Different Types of Microscopes & How Each One Functions

By Vern Hee

The first microscope was a tube with a lens on one end and the object on the other. This device only had a magnification of 10. Then in 1597 a Dutch Spectacle maker named Zaccharias Jansseen and his son Han discovered that when you arrange two lenses together a certain way it increases the amount of magnification. This was the birth of the modern microscope, which opened a whole new frontier of science to mankind. Today there are several different types of microscopes available to open up a whole new world.

Compound Microscope

The compound microscope is a very common type of microscope. The term "compound" means more then one lens is used. In the compound microscope you have two lenses. The primary lens is the one closest to the object and then there is the secondary lens, which is furthest from the object. The secondary lens is used to magnify the image of the primary lens. The primary lens is aimed at the condenser, or stage, and this is where the object to be magnified in the form of a slide is placed. A modern compound lens can magnify the original diameter of specimens 1000x to 2000x. The stage is illuminated with a light that shines through a diaphragm. The diaphragm is used to control the amount of light. This microscope is very common today and is still used as a teaching microscope.

The Fluorescence Microscope

The fluorescence microscope is designed to view specimens that fluoresce naturally or glow when treated with fluorescing chemicals. This means the specimens themselves are the light source. There are many materials that glow naturally, such as some chlorophyll and some minerals. They just need to be illuminated by a specific wavelength to make them glow. For specimens that do not glow naturally, they are treated with a fluorophore. The treated and non-treated specimens are then irradiated with a specific wavelength of light. This is absorbed by the specimens and causes them to emit a light of longer wavelengths. This is a different color then the absorbed light. The microscope then amplifies the light radiated by the specimen. The light is then run through filters geared toward a specific wavelength, and an image is produced on a dark background.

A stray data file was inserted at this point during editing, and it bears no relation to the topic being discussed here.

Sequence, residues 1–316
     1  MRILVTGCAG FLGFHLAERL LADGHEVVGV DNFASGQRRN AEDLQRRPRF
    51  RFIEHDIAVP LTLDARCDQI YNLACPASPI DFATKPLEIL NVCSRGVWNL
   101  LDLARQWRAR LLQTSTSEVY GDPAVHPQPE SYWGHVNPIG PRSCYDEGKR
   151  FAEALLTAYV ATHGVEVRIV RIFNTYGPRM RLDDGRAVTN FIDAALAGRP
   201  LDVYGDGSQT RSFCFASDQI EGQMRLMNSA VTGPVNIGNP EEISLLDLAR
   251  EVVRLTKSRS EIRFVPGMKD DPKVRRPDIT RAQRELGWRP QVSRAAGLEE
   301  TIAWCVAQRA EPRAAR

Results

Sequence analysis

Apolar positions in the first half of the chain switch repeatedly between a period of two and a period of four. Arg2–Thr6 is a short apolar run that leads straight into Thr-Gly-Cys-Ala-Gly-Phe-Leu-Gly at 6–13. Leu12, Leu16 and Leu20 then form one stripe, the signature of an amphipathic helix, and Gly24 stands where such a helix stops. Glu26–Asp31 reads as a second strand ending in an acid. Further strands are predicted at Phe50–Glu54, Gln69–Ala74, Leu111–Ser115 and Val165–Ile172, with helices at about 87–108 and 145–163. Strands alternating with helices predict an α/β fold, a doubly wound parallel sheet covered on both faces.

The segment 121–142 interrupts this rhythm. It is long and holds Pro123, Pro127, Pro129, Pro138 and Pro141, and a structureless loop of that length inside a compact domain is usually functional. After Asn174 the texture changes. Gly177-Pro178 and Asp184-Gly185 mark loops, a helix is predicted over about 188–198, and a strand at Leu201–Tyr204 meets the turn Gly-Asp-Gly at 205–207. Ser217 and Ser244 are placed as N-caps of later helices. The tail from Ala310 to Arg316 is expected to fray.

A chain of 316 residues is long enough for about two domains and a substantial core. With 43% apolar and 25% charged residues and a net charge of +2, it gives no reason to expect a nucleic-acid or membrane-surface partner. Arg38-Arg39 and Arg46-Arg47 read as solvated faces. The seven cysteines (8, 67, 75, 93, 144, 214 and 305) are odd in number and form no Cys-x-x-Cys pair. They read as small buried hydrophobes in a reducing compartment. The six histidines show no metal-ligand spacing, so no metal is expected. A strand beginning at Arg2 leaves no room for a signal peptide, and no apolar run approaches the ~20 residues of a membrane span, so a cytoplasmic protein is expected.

Transmission Electron Microscope

Electron microscopes are instruments that use high energy electrons to examine objects that are beyond the scope of the naked eye. An electron microscope can obtain the topography of an object, which is its surface features, determine its morphology or shape and size of an object, determine the composition of the object and finally tell a scientist how the atoms are arranged in an object. This microscope works like a light microscope but instead of light, a beam of electrons is used. The beam of accelerated electrons is focused on the specimen using an electron gun that is powered by several million volts. The specimen to be viewed is in a vacuum chamber. The electrons bombard and pass through the image, where they are captured by an electron magnet that bends the light to produce a photo or image on a screen. The bouncing of the electrons off of the sample produces reactions. The various reactions are captured and transformed into an image by the microscope.This type is the most powerful of all electron microscopes. It can magnify something one million times.